Prof. VijayRaghavan and Prof. Virdee are “among the world's finest”
Bangalore-based biologist Krishnaswamy VijayRaghavan and Professor Tejinder Singh Virdee of Imperial College, London, who was associated with the design and construction of the Large Hadron Collider, are among six internationally-renowned scientists of Indian origin elected to the prestigious Fellowship of the Royal Society, Britain's premier science academy.
They join the ranks of some of the world's most famous names, including Albert Einstein, Isaac Newton and Stephen Hawking. Sir Paul Nurse, President of the Royal Society, said: “These scientists who have been elected to the Fellowship of the Royal Society are among the world's finest. They follow in the footsteps of luminaries such as Newton, Darwin and Einstein and I am delighted to welcome them into our ranks.”
The Fellows, elected for life for their contribution to excellence in science, include more than 80 Nobel Laureates.
Prof. VijayRaghavan, Director, National Centre for Biological Sciences at the Tata Institute of Fundamental Research, Bangalore, is described as “an inspirational leader successfully promoting excellence in Indian biology.”
“He has worked to establish new institutions, drawing the best young scientists to India. An outstanding developmental geneticist, his contributions to understanding the cellular and molecular principles of adult muscle development in Drosophila are widely recognised. He has elegantly combined these studies with those on the development of the nervous system to study the control and development of movement,” said the Royal Society in its citation.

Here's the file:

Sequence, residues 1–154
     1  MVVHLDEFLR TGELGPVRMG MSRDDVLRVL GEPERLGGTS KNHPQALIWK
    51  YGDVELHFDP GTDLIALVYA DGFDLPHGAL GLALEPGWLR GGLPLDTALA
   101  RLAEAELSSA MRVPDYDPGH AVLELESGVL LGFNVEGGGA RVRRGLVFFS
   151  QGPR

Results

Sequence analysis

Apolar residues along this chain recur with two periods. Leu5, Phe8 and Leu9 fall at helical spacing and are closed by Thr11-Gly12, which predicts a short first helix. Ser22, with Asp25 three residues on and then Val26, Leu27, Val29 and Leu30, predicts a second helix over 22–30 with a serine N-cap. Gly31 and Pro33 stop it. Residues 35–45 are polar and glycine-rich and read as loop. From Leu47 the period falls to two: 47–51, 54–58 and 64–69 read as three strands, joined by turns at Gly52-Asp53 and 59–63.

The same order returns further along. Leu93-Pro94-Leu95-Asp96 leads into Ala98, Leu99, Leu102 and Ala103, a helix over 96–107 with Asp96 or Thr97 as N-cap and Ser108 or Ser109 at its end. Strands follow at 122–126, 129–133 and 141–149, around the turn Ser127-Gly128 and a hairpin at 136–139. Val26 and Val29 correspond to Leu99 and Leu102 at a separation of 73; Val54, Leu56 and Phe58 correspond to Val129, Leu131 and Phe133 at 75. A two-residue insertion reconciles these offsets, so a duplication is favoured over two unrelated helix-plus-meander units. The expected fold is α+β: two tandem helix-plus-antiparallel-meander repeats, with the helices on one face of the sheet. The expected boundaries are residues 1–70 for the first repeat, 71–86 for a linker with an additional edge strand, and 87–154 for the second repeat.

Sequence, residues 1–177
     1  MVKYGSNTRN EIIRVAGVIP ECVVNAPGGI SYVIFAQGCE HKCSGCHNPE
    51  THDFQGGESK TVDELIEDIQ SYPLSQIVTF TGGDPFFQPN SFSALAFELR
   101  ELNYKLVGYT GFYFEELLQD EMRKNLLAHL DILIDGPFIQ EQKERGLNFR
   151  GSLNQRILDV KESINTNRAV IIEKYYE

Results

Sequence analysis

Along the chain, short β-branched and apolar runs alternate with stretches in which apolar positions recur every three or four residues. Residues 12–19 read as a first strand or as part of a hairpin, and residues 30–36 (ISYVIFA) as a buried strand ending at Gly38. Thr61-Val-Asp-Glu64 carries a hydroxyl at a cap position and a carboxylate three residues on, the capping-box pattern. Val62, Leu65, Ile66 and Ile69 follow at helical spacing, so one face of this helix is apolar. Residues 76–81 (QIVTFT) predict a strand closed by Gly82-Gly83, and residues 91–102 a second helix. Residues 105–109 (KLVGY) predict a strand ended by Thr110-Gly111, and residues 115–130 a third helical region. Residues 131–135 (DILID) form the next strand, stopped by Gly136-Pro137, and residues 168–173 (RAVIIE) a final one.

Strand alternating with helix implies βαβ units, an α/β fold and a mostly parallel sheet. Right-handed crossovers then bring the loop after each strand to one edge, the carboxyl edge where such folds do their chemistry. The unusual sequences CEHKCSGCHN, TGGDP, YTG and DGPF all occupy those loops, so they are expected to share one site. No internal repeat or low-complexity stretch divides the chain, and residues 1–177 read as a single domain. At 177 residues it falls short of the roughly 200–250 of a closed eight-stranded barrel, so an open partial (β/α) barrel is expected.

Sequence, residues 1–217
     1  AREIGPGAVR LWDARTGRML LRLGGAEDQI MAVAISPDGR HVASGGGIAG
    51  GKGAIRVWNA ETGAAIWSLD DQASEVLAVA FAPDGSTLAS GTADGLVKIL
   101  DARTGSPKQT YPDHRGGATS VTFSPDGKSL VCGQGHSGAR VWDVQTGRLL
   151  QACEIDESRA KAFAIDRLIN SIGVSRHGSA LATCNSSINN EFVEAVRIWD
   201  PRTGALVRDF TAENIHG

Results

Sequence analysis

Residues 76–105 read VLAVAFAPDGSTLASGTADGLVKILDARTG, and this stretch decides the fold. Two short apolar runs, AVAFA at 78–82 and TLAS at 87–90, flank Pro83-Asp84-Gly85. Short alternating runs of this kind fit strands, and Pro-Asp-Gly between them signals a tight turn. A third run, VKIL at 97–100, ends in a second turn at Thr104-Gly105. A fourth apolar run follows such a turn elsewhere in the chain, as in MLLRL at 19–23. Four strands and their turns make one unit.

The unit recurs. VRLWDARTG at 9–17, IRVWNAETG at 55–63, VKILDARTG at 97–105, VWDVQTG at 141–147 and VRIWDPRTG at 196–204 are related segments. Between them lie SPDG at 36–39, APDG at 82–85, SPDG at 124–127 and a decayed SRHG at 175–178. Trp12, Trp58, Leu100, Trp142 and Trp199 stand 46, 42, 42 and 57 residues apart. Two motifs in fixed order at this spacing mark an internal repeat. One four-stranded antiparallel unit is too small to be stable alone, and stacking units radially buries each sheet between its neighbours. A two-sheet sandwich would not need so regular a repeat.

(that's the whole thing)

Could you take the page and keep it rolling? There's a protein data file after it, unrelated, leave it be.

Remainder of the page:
Prof. Virdee is commended for his “distinguished” contribution to the design, construction and exploitation of the huge CMS experiment at the CERN Large Hadron Collider. He originated the concept of CMS with four colleagues around 1990 and there are now over 3,000 participants from 38 countries.
“The superb performance of CMS since high energy collisions began at the LHC is testimony to his foresight, expertise and appreciation of the complex interplay of techniques which are needed for such success,” it said.
Other Indian-origin scientists include Varinder Singh Aggarwal, Professor of Synthetic Chemistry at the University of Bristol; Shankar Balasubramanian, Professor of Medicinal Chemistry at Cambridge University and Senior Group Leader, Cancer Research U.K., Cambridge Research Institute; Chandrashekhar Bhalchandra Khare, Professor of Mathematics at the University of California; and Professor Mathukumalli Vidyasagar of the University of Texas.
Prof. Aggarwal is commended for his “outstanding contributions to the field of asymmetric synthesis, particularly applications of ylide chemistry where he is the world leader”; Prof. Balasubramanian is hailed as “an internationally recognised leader in the field of nucleic acids”; Prof. Khare's “forte is finding ingenious but relatively simple new ideas”; and Prof. Vidyasagar has made “outstanding contributions to control and systems theory and statistical learning.”
Bangalore Staff Reporter reports:
Talking to The Hindu, Prof. VijayRaghavan said: “This is an important and valuable recognition of the efforts of my collaborators over the past two decades… Our contribution to the understanding of how nerves and muscles are built has been recognised and this has been an extraordinary scientific voyage whose success has only been due to the efforts of many students, postdoctoral fellows, junior fellows and collaborators.”